Headquarters: Palo Alto, Calif.
Brand established: 1939
2003 advertising: $511.2 million
Brand equity: $9.4 billion
CoreBrand ranking: No. 20
Gregory: “HP is doing a great job in defining and building their new brand. From top to bottom, from left to right, they are building a bigger, better, new brand.”
Roth: “Their HP Plus campaign is all about their customers.”
Roth: “They have a good thing going; they have to continue to deliver what the [brand] promise is.”
Ries: “A totally flawed strategy: Putting the Hewlett-Packard name on everything is just not going to work in today’s highly competitive high-tech industry.”
Hewlett-Packard Co., which was started in 1939 in a Palo Alto, Calif., garage by Stanford University classmates Bill Hewlett and Dave Packard, has retained its legacy of inventiveness through changes in the business climate and significant company growth.
HP kept its primary tagline of "Invent" after it acquired Compaq Computer Corp. in May 2002 but has launched new campaigns and marketing efforts that build on the strength of the combined company.
"One of the most obvious things was simply to get the news out about the new company's combined capabilities," said Allison Johnson, senior VP-global brand and communications at HP, pointing to major accounts such as NASA, the New York Stock Exchange, Amazon.com and FedEx, all of which are powered by HP.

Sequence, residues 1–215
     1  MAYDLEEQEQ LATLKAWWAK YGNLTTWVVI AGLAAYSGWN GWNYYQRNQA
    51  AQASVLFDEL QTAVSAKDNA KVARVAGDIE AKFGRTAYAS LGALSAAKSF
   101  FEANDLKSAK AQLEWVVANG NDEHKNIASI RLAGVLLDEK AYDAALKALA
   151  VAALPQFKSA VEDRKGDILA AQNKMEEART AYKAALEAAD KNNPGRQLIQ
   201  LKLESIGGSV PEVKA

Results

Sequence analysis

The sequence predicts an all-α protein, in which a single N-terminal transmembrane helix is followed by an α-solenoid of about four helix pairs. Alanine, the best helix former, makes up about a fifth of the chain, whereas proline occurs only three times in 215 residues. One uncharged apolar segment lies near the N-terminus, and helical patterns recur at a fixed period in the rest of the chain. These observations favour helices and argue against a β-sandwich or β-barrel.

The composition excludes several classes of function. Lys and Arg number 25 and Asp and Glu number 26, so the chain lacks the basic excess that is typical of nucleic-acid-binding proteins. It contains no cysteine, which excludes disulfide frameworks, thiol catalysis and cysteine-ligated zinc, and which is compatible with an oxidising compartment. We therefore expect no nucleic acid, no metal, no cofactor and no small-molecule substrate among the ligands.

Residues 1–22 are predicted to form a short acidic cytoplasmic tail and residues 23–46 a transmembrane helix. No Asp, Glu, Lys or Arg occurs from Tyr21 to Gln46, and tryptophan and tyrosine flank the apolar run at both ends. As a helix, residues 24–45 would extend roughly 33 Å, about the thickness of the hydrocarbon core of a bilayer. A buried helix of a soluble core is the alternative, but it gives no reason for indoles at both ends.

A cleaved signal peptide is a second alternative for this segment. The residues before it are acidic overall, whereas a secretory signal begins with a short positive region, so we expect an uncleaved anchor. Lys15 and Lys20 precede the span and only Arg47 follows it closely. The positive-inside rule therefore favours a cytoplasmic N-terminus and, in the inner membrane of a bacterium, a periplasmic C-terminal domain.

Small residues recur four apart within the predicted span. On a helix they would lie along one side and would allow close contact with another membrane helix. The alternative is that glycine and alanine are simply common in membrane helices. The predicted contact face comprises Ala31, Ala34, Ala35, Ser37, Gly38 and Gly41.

"These quite amazing partnerships were largely unknown-by the larger business world and even by many of the employees of the newly combined company," Johnson added.
To demonstrate the power of partnership, both in terms of the newly merged company and HP's partnerships with its customers, HP introduced a new symbol-the plus sign-that it has used in global advertising and marketing efforts.
Its first campaign making use of the symbol was "You + HP," a consumer campaign for HP's digital cameras that was launched in October 2003 and featured TV spots set to music, including "Pictures of You" by the Cure and "Picture Book" by the Kinks. The campaign was developed by HP's agency of record, Goodby Silverstein, San Francisco.
In February 2004, HP launched a large b-to-b campaign called "Change + HP," including its first major TV advertising for the enterprise audience, to introduce Solutions for the Adaptive Enterprise.
The campaign included TV, print, online and outdoor. One billboard in San Francisco read "Change happens." Every week agency staff would climb up and install fake ivy on it until only the words remained visible.
With the "Change + HP" campaign, the message to the business audience was "love change," said Steve Simpson, partner and creative director at Goodby, explaining the creative strategy in reaching the b-to-b audience.
"We conducted dozens of focus groups with IT decision-makers and, while many felt burdened by change, by far the more interesting characters we met loved the challenge of change," Simpson said. "They saw change as an opportunity to drive competitive advantage. HP can really partner with this kind of customer."